A second series of operations occurs when the user “moves the mouse” or performs any other action with the remote pointing device. The data from the pointing device is passed to data encoding controller 13 through pointing device input port 11. Data encoding controller 13 prepares the data for transmission and passes the data to transmitter 14. Transmitter 14 modulates a carrier so that the resulting modulated carrier is transmitted wirelessly to receiver 18. Receiver 18 demodulates the carrier, extracts the encoded data from the carrier, and sends the extracted data to data decoding controller 19. Data decoding controller 19 analyzes the data given to it from receiver 18, and determines that the data originated from the remote pointing device. Data decoding controller 19 then configures pointing device multiplexer unit 22 to the state where it will pass the data from data decoding controller 19 to the computer. Data decoding controller 19 then sends the data through pointing device multiplexer unit 22 and through pointing device output port 23 so that the data is received by the computer at the pointing device input port of the computer. The result of this operation is that the pointing device data which originated from the remote pointing device has been transferred to the pointing device input port of the computer in an unmodified form.

A further series of operations occurs when the user “moves the joystick” or performs any other action with the remote joystick. The data from the joystick is passed to data encoding controller 13 through joystick input port 12. Data encoding controller 13 prepares the data for transmission and passes the data to transmitter 14. Transmitter 14 modulates a carrier so that the resulting modulated carrier is transmitted wirelessly to receiver 18. Receiver 18 demodulates the carrier, extracts the encoded data from the carrier, and sends the extracted data to data decoding controller 19. Data decoding controller 19 analyzes the data given to it from receiver 18, and determines that the data originated from the remote joystick. Data decoding controller 19 then configures joystick multiplexer unit 26 to the state where it will pass the data from data decoding controller 19 to the computer. Data decoding controller 19 then sends the data through joystick multiplexer unit 26 and through joystick output port 27 so that the data is received by the computer at the joystick input port of the computer. The result of this operation is that the joystick data which originated from the remote joystick has been transferred to the joystick input port of the computer in an unmodified form.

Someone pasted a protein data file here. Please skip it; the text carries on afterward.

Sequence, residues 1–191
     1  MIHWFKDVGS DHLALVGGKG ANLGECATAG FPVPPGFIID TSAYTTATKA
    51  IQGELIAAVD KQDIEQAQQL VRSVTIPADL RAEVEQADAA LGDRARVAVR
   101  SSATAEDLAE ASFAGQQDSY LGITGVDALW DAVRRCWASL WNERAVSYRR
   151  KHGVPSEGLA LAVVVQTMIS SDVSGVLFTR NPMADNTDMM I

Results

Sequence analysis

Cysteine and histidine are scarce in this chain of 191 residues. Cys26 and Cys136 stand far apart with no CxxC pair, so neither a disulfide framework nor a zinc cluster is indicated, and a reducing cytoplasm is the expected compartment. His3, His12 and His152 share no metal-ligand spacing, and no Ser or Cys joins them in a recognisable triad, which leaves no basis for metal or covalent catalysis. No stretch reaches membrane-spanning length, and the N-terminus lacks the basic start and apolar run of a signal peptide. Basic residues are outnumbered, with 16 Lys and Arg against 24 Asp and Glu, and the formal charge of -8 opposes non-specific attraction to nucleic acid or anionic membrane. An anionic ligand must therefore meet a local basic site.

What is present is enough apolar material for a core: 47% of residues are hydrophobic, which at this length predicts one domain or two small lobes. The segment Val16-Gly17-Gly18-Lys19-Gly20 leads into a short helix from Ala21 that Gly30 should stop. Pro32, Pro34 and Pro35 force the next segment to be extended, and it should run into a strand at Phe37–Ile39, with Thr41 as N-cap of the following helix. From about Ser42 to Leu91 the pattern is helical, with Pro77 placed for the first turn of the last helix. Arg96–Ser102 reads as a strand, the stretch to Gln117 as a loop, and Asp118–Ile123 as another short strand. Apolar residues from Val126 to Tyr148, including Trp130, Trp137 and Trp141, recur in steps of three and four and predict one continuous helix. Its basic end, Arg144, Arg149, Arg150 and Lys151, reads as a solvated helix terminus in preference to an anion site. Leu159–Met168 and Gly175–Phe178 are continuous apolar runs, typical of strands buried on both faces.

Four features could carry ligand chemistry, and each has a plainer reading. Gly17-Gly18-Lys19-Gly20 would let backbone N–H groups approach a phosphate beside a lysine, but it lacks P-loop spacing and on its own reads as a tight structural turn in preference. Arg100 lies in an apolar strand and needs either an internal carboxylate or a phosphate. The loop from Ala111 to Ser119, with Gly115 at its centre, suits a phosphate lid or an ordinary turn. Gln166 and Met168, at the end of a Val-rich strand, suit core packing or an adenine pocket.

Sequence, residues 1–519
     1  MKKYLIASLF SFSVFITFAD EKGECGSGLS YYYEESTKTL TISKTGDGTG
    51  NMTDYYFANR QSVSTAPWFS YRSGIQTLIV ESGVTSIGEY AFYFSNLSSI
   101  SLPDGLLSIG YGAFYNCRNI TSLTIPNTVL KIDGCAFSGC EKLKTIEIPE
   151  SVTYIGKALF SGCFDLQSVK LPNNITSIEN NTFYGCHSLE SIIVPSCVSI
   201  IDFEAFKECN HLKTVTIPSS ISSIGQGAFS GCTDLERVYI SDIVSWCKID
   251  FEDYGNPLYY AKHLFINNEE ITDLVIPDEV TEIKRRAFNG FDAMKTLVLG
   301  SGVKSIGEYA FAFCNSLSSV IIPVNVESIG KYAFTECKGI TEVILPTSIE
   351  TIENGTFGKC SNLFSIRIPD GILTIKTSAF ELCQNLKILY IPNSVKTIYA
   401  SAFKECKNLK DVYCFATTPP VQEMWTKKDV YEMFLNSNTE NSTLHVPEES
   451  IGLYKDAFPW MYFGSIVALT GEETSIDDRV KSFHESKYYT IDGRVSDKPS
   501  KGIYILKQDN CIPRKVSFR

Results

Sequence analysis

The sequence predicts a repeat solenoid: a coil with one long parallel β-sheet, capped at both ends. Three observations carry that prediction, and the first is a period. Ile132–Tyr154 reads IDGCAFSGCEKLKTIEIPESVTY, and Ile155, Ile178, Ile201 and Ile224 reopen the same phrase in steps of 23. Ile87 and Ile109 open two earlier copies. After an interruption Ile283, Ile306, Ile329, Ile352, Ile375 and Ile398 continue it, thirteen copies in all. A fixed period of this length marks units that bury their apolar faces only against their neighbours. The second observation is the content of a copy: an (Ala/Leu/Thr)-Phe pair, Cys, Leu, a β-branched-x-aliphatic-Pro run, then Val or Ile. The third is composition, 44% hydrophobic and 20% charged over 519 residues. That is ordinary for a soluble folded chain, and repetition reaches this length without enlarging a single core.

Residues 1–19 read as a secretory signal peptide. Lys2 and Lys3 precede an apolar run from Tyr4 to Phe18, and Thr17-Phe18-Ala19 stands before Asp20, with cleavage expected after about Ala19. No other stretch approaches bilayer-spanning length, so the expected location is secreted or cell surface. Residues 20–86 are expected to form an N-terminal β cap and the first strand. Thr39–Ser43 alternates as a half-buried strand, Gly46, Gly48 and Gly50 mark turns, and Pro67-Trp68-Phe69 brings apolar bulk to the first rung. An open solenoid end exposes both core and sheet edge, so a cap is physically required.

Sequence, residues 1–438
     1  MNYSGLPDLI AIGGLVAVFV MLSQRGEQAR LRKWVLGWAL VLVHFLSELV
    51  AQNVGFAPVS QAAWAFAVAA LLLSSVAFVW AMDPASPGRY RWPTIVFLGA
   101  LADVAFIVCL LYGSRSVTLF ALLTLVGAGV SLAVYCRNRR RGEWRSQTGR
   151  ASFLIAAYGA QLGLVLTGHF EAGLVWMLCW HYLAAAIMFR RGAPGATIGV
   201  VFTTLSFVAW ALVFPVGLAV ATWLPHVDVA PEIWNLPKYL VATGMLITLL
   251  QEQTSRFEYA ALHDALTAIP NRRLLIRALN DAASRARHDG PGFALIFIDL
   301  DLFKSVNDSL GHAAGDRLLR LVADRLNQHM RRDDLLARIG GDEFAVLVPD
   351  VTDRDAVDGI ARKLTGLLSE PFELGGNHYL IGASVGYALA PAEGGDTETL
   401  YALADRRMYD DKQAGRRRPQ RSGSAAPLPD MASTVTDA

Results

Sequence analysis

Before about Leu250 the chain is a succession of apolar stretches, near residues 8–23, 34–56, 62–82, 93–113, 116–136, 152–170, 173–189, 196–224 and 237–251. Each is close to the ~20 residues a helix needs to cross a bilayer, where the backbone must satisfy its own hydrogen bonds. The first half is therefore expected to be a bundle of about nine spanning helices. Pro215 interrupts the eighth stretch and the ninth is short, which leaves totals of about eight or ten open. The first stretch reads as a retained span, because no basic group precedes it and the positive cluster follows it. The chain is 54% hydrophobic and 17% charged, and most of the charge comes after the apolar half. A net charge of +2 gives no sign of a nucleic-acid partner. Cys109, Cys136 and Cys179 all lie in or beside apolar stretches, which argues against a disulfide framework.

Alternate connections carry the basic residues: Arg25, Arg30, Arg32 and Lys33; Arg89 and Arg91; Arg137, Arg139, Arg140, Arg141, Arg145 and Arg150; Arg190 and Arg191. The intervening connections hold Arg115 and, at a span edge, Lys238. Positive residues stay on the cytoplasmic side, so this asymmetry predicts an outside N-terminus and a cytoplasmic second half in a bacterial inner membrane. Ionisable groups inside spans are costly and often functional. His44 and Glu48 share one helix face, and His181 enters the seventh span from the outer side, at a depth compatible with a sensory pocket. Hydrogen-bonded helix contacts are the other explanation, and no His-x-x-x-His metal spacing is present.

A further series of operations occurs when the user presses a key on the local keyboard. Data decoding controller 19 will normally keep keyboard multiplexer unit 20 configured so that the active input is from local keyboard input port 17. In this way, when the user presses a key on the local keyboard, the keyboard data is passed through keyboard multiplexer unit 20 and through keyboard output port 21 so that the data is received by the computer at the keyboard input port of the computer.

A further series of operations occurs when the user moves or activates the local pointing device. Data decoding controller 19 will normally keep pointing device multiplexer unit 22 configured so that the active input is from local pointing device input port 24. In this way, when the user moves the mouse or other local pointing device, the pointing device data is passed through pointing device multiplexer unit 22 and through pointing device output port 23 so that the data is received by the computer at the pointing device input port of the computer.

A further series of operations occurs when the user moves the local joystick. Data decoding controller 19 will normally keep joystick multiplexer unit 26 configured so that the active input is from local joystick input port 25. In this way, when the user moves the local joystick, the joystick signals are passed through joystick multiplexer unit 26 and through joystick output port 27 so that the signals are received by the computer at the joystick input port of the computer.